A free ride to heaven?

In a facebook exchange related to my last post,  I stated that, in “The Gift of Grace” President Uchtdorf “teaches explicitly that we get a free ride to heaven.”

One LDS disagreed and responded:

“If by “free ride” you mean free of repentance, obedience, good works, or somehow contradictory to what other prophets and apostles have taught, you’ve clearly completely misunderstood his point.”

Another LDS agreed and stated:

That “free” gift of sanctification, however, is itself conditioned upon repentance, personal righteousness, and “enduring to the end.” Grace assists us in these tasks as well, but DOES NOT override our agency, free will, or the power of Satan to tempt and deceive.

It is after “all we can do” moment by moment, that we are purged and made “new creatures in Christ.”

I totally disagree with these very common mis-interpretations of Mormonism. When I was a Mormon I might have been an outlier in that I based my faith on what it said in the scriptures over any other teachings.  Based on the Doctrine and Covenants section 76, Joseph Smith’s revelation concerning the afterlife, these commentators have Mormonism fully bass-ackwards.

In their vision of heaven Joseph Smith and Sidney Rigdon affirm that Christ himself appeared to them defined the Gospel:

 40 And this is the gospel, the glad tidings, which the voice out of the heavens bore record unto us—

 41 That he came into the world, even Jesus, to be crucifiedfor the world, and to bear the sins of the world, and tosanctify the world, and to cleanse it from all unrighteousness;

 42 That through him all might be saved whom the Father had put into his power and made by him;

 43 Who glorifies the Father, and saves all the works of his hands, except those sons of perdition who deny the Son after the Father has revealed him.”

It sticks in my craw that Mormons continue to deny even their own scriptural account of the Gospel, to hold onto the dream that eternal joy is not the fate of all who accept the power of God in their lives.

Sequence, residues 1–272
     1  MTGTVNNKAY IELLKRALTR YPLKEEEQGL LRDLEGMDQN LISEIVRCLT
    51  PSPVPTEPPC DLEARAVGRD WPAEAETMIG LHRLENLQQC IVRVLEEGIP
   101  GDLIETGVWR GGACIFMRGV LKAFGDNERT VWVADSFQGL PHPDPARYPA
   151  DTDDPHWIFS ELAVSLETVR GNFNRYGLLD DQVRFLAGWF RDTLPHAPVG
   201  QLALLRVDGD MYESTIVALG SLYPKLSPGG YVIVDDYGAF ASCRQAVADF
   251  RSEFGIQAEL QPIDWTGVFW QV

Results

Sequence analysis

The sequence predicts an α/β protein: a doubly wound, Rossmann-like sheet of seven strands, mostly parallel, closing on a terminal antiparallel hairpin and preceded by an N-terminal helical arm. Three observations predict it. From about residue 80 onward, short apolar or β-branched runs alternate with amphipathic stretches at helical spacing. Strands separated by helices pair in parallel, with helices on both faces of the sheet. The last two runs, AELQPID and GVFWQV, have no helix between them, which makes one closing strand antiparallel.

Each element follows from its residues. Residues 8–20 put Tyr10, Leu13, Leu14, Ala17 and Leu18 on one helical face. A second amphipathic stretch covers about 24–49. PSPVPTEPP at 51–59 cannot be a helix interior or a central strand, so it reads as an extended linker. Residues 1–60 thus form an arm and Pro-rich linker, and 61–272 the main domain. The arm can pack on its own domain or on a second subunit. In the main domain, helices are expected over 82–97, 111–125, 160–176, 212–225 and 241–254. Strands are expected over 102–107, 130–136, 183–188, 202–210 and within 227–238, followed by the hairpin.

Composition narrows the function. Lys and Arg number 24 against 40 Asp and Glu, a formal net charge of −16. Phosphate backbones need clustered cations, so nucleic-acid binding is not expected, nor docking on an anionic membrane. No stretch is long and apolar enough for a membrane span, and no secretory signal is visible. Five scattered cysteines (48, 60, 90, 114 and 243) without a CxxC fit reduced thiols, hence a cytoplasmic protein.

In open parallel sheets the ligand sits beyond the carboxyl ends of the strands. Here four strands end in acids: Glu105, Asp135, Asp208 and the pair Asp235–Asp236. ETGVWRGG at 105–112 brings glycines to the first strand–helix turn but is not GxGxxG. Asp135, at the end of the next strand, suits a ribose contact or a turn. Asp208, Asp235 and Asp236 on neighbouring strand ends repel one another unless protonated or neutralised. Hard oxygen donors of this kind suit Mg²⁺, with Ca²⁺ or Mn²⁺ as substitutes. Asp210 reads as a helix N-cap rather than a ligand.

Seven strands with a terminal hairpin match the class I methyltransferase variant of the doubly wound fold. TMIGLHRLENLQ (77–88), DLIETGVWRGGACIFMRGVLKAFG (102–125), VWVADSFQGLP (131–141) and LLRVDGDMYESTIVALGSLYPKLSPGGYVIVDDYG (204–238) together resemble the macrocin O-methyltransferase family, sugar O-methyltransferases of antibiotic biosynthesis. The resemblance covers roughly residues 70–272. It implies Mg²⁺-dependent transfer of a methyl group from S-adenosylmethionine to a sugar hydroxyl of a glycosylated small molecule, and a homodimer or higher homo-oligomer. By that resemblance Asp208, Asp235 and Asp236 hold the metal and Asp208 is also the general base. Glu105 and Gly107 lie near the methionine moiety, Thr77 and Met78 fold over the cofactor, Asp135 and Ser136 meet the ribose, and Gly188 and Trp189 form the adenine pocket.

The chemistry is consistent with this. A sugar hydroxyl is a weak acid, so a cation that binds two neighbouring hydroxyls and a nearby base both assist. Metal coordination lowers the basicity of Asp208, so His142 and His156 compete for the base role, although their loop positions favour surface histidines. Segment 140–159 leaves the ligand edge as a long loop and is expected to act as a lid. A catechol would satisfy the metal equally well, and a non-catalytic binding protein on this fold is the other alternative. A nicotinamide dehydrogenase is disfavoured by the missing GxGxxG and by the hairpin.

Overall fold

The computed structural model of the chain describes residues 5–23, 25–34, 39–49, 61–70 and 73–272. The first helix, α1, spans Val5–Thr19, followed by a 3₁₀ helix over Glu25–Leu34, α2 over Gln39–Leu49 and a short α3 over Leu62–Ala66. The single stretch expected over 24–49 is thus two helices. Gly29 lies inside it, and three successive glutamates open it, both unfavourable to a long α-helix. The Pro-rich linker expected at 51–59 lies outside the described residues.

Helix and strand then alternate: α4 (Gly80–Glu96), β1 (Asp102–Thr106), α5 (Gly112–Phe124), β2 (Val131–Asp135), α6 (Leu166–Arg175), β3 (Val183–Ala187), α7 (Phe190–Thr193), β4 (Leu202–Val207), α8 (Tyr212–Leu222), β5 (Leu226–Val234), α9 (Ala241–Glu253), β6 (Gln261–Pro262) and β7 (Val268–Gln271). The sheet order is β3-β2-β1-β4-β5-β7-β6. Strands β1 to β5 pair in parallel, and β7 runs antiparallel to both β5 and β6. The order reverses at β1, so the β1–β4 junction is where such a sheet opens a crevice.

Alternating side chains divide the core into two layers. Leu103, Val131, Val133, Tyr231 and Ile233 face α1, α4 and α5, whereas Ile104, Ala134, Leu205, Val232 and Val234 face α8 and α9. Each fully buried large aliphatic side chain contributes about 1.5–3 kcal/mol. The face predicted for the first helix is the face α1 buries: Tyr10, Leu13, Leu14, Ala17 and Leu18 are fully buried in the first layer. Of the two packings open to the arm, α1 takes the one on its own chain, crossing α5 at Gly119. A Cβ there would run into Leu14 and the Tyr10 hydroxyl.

I have always understood that authentic scripture-based Mormonism teaches that all are guaranteed eternal joy in Christ.  What the Church has been missing are witnesses to this reality.  Without the witnesses, and without the evidence in the countenances of the saved, Mormon children simply won’t get what Jesus — or Joseph Smith — was talking about.

Joseph Smith clearly believed he, and every man, woman and child that was created, was saved from hell and his life was an attempt to glorify God.  Only those who rejected God’s grace would not wind up in heaven.  What Latter-Day Saints should be teaching is that the ONLY free ride in this world is the ride to Heaven. Instead, they often teach that everything in this world is guaranteed if we obey, EXCEPT our place in heaven.

Evangelicals, Theosis & Exaltation

Christian bookstores sometimes sell personalized bookmarks listing your name, its meaning, and a Scripture verse that goes along with it. Youth leaders gave these to me often while I was growing up, and they would say something like this: “BRIDGET / Irish: ‘Strength’ / ‘The Lord is my strength and my song.’ ~ Psalm 118:4.” I grew up thinking my given name meant “strength,” which I guess is okay as names go. It wasn’t until I was a pregnant adult in my mid-twenties beginning to research names for my future daughter that I learned the other meanings of my name: “exalted one” or “high goddess.” “Strength” isn’t incorrect, but it is one of the least potent interpretations of the name. Why do the makers of cute personalized Christian bookmarks shy away from describing us Bridgets in more divine terms?

Theosis Phobia

I think it has to do with Western Christianity’s phobia of theosis, also known as deification or divinization. Theosis is the doctrine of men becoming gods or, as the Eastern Orthodox church beautifully puts it, “becoming by grace what God is by nature.” I think it’s safe to say that evangelicals don’t actively believe in theosis. I’ve been a practicing evangelical for the last eleven years and a less active evangelical for six years before that, in which time I’ve been to all kinds of evangelical conferences, retreats, Bible studies, youth camps and festivals, and I have never once heard theosis preached from the pulpit, taught as a lesson or discussed with a small group. None of the evangelical devotional books I’ve read have discussed it, either.

Not only do evangelicals not preach theosis, but when we hear that Mormons believe in a version of it (usually referred to as “exaltation”), we become outright opposed to it. We start arguing that wanting to become a god is sinful, that the notion of becoming “like God” was part of Satan’s temptation of Eve in the garden of Eden (Gen. 3:5). We don’t bother to stop and examine the Bible for ourselves to see whether or not there could be any biblical basis for the doctrine, nor are we aware of the strong history of theosis among Christian writers whom we consider orthodox. As Greg Johnson said in Bridging the Divide, “We react to each other’s theological emphases … and we almost conclude that if, doctrinally speaking, the Mormons are headed east then we had better head west.” (p. 29-30) Theosis has Mormon cooties on it now, so we don’t want it.

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